A gamble with state pension money?


Critics say they worry she could lose a lot, leaving taxpayers on the hook. Cowell has been pushing for the change in the General Assembly. If approved, a bill before lawmakers could give her more flexibility in the way she invests the state's money.

"To gamble with the money of hardworking state workers and retirees who are counting on that check to exist, that's inexcusable," offered Ardis Watkins with SEANC.

SEANC says Cowell wants to put 40 percent of the state's $80 billion pension fund into higher risk - or alternative - investments.

"The alternatives we're currently investing in have given us some pretty horrible yields," said Watkins.

Watkins points to the last two years of Cowell's investment in hedge funds as examples. Last year, the state took a 23 percent loss. The year before, it was 19 percent. And one analysis of alternative investments in 23 states put North Carolina at the bottom of the list.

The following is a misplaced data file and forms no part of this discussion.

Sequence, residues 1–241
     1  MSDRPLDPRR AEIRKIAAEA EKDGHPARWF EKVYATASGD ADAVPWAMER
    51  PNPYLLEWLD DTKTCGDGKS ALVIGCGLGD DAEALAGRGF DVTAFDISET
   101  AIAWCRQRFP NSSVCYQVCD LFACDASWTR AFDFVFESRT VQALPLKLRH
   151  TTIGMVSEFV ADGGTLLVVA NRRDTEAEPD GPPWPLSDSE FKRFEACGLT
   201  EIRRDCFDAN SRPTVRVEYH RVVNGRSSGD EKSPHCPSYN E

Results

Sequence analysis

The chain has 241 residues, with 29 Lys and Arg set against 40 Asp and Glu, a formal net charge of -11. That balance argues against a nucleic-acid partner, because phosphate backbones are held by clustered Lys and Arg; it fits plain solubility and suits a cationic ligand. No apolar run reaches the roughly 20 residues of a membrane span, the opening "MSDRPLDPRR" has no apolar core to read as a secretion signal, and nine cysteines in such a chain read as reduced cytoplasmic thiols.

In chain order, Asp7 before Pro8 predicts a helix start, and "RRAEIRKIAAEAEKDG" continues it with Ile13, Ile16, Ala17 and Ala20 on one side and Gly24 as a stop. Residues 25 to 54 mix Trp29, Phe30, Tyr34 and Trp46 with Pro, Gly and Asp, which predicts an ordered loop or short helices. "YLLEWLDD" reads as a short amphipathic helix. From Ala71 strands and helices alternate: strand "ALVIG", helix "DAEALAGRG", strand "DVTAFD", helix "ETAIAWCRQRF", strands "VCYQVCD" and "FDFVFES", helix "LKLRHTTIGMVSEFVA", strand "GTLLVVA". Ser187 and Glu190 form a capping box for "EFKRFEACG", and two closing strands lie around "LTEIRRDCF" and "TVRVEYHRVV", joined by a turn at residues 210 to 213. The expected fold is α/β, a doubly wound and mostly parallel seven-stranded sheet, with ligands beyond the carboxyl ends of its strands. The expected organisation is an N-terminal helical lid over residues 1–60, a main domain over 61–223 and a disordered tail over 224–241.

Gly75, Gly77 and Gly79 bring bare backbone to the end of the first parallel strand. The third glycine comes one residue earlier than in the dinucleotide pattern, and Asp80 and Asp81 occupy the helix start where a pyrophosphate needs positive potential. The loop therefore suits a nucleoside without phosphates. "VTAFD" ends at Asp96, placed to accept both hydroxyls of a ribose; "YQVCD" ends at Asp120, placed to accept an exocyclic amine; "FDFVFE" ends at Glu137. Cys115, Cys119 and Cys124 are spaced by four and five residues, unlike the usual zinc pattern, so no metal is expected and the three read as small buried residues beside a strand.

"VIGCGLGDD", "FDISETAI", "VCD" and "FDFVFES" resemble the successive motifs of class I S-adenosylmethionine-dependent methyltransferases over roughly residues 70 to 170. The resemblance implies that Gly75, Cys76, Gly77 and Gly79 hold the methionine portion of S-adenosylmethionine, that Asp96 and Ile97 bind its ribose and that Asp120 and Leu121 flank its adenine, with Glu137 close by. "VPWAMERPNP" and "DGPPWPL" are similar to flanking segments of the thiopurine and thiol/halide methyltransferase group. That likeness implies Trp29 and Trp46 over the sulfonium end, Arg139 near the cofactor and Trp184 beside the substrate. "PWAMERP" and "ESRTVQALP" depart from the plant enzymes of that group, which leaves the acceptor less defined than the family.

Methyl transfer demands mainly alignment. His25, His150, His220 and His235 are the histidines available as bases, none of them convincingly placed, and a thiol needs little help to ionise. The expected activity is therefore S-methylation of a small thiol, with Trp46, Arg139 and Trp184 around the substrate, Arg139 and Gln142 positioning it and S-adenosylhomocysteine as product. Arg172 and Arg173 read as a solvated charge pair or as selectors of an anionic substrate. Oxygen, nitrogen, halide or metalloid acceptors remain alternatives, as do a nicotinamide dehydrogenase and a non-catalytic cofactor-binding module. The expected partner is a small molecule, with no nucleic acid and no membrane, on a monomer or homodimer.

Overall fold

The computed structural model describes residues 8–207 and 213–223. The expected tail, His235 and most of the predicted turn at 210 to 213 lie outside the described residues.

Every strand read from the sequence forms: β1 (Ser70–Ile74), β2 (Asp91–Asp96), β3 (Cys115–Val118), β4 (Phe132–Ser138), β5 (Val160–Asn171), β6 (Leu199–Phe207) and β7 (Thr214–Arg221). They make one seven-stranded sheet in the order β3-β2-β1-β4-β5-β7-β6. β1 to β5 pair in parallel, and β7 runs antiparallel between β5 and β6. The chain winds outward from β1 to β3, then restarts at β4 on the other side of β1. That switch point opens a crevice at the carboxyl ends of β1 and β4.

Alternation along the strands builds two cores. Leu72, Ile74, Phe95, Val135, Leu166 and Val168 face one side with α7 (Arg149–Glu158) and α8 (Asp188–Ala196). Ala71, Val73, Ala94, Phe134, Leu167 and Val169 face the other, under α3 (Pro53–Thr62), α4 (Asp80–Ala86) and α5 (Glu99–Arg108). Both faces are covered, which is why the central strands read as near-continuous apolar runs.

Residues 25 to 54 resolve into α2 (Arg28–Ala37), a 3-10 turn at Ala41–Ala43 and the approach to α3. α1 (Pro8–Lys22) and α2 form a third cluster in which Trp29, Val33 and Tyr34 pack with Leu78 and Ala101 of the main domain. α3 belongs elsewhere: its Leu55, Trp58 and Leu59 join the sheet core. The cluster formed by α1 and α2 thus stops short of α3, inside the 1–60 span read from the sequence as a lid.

Click here for more documentation of Cowell's investments (.pdf)

"I would say where alternatives are concerned, Treasurer Cowell has performed poorly," said Watkins.

But in a letter to lawmakers, Cowell says the only way to keep making the kind of money required by state statute is to move more of it to those higher risk investments.

She writes: "Granting this additional investment flexibility is the right thing to do.  Not only for the long-term fiscal stability of our pension system and the state, but also for the 875,000 active and retired teachers, police officers, firefighters, and, state and local public employees that are part of our pension system."

So far, lawmakers have largely been supportive of a bill to give Cowell that flexibility. In contrast, the organization that representing state employees is leading the charge against the change.

"In North Carolina, there's a tradition of not gambling with our retiree's money.  We want that tradition to continue," said Watkins.

We tried to interview the treasurer Friday. We were told she's travelling. But a spokesperson told us more flexibility would actually reduce risk.

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